Depression is poorly detected and sub-optimally managed in palliative care patients, and few trials of psychosocial interventions have been carried out in this group of patients.Aims:
A pilot trial to determine the effect of a focused narrative intervention on depression in palliative care patients when used in addition to usual care.Design:
Patients scoring 10 or higher on Patient Health Questionnaire-9 randomised to focused narrative intervention in addition to usual care or usual care only and followed up at 2, 4 and 6 weeks. A reduction of five points on Patient Health Questionnaire-9 was regarded as clinically significant response to treatment.Setting/participants:
Palliative care patients aged over 18 recruited from hospice day care services – exclusion criteria included an estimated prognosis of 6 weeks or less, cognitive impairment and unable to understand written or spoken English.Results:
Out of 57 participating patients (71% female), with mean age 65.1 years (range 36–88 years), 33 patients were randomised to the intervention and 24 to usual care only. Mean Patient Health Questionnaire-9 score at baseline was 16.4. Patients receiving intervention had greater reduction in Patient Health Questionnaire-9 score at 6-week follow-up (p = 0.04). Median survival was 157 days for intervention and 102 days for control group patients (p = 0.07).Conclusion:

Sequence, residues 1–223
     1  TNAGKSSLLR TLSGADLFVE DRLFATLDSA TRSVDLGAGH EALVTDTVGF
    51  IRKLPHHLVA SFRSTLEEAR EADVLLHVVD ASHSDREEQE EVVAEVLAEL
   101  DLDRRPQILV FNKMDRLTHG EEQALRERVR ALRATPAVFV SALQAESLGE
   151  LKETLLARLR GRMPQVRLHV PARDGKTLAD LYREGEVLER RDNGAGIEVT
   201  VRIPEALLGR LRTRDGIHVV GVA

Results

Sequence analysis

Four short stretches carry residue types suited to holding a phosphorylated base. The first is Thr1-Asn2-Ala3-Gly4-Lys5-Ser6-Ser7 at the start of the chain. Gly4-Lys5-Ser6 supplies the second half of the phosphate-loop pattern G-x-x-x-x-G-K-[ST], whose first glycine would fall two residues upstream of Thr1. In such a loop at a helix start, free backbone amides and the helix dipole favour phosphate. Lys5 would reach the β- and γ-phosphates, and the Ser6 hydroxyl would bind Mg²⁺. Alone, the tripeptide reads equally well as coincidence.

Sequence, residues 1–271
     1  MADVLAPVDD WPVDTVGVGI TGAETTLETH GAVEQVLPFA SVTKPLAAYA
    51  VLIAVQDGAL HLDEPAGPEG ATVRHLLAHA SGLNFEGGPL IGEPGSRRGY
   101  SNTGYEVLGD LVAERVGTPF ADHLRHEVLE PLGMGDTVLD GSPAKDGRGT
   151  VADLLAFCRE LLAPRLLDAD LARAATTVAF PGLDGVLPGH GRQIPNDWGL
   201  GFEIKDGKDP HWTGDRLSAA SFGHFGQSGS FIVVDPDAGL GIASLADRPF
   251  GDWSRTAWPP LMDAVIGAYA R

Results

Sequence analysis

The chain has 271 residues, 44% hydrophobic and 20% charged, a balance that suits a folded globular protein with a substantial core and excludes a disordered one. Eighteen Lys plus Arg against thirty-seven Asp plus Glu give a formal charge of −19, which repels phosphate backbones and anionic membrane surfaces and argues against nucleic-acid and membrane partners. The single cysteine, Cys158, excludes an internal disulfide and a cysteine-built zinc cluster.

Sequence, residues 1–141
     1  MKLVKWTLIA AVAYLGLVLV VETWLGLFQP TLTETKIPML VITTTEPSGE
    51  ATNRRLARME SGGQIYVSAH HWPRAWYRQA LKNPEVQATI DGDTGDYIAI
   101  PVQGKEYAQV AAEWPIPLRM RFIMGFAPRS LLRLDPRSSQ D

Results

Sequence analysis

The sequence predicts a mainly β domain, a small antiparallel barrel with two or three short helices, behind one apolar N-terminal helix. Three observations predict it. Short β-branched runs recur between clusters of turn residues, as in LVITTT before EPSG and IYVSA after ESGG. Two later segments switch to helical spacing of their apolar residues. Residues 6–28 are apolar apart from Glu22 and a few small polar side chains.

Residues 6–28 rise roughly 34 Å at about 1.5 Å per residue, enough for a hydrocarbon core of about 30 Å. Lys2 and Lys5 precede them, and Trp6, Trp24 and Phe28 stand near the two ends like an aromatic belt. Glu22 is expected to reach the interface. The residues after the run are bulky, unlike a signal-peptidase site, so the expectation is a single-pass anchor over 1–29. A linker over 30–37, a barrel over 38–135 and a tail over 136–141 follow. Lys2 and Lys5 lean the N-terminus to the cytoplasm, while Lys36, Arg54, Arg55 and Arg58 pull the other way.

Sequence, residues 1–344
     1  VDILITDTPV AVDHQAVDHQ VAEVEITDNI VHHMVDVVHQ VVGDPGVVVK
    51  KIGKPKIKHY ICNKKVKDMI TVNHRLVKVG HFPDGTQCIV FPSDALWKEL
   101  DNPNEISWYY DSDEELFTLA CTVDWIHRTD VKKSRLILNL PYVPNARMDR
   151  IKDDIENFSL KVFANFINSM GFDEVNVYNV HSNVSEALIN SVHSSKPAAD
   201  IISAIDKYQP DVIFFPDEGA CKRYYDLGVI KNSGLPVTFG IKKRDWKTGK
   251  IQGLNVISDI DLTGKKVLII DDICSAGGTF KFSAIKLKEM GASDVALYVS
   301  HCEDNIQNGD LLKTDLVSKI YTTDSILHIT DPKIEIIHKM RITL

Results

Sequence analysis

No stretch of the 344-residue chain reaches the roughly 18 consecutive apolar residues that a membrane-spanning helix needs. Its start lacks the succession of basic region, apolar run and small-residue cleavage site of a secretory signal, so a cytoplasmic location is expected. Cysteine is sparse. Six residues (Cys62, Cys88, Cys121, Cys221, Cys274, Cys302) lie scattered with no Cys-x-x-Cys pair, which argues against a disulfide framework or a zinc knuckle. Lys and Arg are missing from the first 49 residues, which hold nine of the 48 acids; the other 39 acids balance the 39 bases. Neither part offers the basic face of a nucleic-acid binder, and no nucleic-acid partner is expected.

This pilot trial suggests a focused narrative intervention in palliative care patients with moderate to severe depression can reduce depression scores more than usual care alone. Patients receiving intervention appeared to have longer survival. These results support the need for a fully powered trial.